From Buda to Pest
Trip Start Oct 02, 2011
26Trip End Oct 27, 2011
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Our hosts told us that in the days of emperor Franz Joseph Jews in his lands didn't have "proper" last names. Instead they were called something like "Aaron ben David," Aaron, son of David. He wanted his Jewish subjects to have "permanent" last names like everyone else. So his agents rounded up the Jews and assigned them names according to their most obvious characteristic: Klein, Gross, Weiss, Schwartz, (small, big, white, black), etc. At this point, that's almost all I know about the tiny Klein clan!
We packed up for our move to the apartment we'd rented on the other side of the Danube. As we did so we pondered the pillows on our B&B beds. As you can see from the photo, each of our pillows had a pillow. This is one of the joys of traveling--to make sense of the unfamiliar: Is this the way Hungarians normally sleep--with a little pillow stacked on a bigger one? Or is it an anomaly of this particular B&B? Perhaps it was a special gesture of lavish Hungarian hospitality. Or was it simply that their pillows were unusually flat and needed reinforcement? There was of course no gracious way to ask our hosts, "Excuse me, but why did we have a stack of two pillows on our bed?" So we will probably never know. But we'll undoubtedly remember this little experience. It may come in handy some day, say, for example, if there's a lull in the conversation at a cocktail party: 'Um, did you know that in Hungary they sleep on two pillows?' Quite an icebreaker, eh?
Anyway, before crossing the river to our new digs we walked up Castle Hill to see the sights--the boring castle and the much more interesting Mattias Church. Below you can see some photos we took outside and inside the church. Mattias was the most beloved King of Hungary. His symbol was a raven with a ring in its beak (see if you can find it in the photos--by the way, if you click on a photo it will become bigger and easier to see)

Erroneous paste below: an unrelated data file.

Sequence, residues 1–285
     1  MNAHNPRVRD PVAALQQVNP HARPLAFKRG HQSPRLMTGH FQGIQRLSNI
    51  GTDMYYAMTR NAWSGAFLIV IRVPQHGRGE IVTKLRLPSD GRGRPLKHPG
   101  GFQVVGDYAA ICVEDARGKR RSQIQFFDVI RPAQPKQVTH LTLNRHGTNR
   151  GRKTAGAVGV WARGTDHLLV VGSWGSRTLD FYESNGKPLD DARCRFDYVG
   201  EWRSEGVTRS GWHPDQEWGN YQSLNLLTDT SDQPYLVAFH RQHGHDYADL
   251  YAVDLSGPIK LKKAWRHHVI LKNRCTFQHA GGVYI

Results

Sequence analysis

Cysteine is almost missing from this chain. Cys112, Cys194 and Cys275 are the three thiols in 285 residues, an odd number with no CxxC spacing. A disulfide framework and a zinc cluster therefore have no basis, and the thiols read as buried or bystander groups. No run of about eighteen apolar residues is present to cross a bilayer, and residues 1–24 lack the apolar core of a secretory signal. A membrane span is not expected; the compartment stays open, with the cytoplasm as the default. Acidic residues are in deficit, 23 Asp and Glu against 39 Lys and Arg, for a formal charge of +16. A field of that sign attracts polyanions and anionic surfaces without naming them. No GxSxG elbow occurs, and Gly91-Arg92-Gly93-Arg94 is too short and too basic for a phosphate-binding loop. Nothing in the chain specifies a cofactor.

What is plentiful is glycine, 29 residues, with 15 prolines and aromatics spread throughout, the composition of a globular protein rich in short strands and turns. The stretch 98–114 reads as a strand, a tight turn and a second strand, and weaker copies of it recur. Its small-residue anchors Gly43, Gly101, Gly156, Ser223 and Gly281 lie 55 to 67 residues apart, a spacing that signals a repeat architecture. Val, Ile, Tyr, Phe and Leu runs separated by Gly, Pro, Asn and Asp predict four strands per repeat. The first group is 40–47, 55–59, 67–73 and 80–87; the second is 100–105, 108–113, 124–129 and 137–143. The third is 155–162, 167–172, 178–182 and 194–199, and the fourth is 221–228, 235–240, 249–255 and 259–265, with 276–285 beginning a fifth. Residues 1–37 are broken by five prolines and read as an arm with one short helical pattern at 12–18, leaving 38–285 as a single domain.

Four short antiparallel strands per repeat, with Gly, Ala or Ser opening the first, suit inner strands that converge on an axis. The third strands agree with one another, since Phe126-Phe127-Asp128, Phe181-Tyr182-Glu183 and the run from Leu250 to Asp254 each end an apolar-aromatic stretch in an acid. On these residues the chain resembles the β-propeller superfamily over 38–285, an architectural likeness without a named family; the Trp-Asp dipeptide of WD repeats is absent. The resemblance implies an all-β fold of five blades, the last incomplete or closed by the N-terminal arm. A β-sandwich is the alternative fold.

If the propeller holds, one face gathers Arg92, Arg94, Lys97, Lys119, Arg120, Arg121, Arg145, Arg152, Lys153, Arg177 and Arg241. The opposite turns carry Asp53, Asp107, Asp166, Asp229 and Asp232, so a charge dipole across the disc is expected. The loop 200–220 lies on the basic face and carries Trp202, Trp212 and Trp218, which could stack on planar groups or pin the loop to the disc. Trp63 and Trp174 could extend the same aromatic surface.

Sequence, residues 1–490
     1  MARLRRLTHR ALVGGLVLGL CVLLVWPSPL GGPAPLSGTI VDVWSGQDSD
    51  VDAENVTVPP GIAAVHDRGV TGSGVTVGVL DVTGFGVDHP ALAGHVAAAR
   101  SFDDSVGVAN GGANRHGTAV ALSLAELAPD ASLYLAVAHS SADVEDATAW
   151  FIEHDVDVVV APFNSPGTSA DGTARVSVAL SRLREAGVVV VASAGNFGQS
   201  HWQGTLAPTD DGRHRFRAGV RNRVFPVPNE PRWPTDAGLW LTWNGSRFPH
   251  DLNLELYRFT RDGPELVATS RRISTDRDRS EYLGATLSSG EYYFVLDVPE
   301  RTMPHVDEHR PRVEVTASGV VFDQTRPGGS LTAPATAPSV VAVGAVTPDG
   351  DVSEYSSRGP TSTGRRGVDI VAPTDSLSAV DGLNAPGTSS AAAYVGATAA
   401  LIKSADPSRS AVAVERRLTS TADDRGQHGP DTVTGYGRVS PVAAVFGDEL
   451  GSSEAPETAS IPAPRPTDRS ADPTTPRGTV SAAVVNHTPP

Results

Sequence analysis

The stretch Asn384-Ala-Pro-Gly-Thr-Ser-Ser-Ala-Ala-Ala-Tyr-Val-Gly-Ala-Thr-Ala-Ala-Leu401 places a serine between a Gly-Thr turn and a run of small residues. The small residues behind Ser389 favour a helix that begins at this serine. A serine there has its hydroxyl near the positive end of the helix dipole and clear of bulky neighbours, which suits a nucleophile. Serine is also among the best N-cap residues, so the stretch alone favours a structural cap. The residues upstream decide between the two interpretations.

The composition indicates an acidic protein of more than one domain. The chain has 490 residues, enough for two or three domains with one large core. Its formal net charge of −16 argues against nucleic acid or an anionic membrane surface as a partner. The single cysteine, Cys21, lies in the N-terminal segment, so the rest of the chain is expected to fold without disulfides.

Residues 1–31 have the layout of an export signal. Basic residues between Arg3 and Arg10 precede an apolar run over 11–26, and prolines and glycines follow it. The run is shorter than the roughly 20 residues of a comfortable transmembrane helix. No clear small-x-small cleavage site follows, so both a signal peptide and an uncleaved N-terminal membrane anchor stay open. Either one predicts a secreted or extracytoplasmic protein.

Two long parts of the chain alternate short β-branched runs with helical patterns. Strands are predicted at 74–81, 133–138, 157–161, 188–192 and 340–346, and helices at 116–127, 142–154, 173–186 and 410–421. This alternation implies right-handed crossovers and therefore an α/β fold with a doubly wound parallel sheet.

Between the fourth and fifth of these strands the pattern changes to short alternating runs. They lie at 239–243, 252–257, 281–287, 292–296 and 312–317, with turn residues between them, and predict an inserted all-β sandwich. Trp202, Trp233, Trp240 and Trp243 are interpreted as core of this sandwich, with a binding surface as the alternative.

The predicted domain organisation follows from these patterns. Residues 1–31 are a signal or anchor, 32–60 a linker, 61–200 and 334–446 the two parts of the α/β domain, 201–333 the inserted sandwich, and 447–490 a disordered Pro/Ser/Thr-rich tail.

The only other item from the Buda side of things I wanted to mention is St Istvan (St Stephen to you). You can see him in two of the photographs--riding on his magnificent steed, and a closeup of his head in marble at the base of the steed statue. In the year 1000 King Istvan saw which way the wind was blowing and converted to Christianity to placate his more powerful neighbors, who were all Christian Kings. He figured the more zeal he showed for his new-found faith the more secure his rule would be. So he sliced his uncle, who refused to convert, into four quarters. Then he sent each quarter to a different part of his kingdom as a graphic demonstration of the pitfalls of refusing to convert. For this holy act, the good King Istvan was rewarded with sainthood a mere thirty years after his death. You can see from the marble sculpture what a happy man he must have been. By the way, see the entry from October 13th for a description of the Saint's holy hand, which sits in desiccated repose in a church on the Pest side of the river.
After crossing the Danube we went to our apartment in Vaci Utca (Vaci street), a long walking street right in the thick of things. The apartment is spacious and extremely comfortable. The decor is very interesting, in particular the shiny silver skull of a big horned cow. Sort of David Smith meets Georgia O'Keeffe.
Not feeling compelled to narrate the entire rest of the day, I'll just say we walked down Vaci Utca to Gerbeaud Cafe, an ultra-elegant cafe that's about 150 years old. Very high ceilings, punctilious waiters, luxurious ceilings and over the top furniture. It was like being at the opera. You can see Manfred vigorously enjoying his coffee and pastry, and there's a shot of Carole's Sacher torte posing primly on its plate. And note my order, the cafe's signature pastry, the Gerbeaud cake. It all went down mighty easy.
By the way, the World's superlative of the day is from Kew Gardens, as I didn't happen to run into a local one today.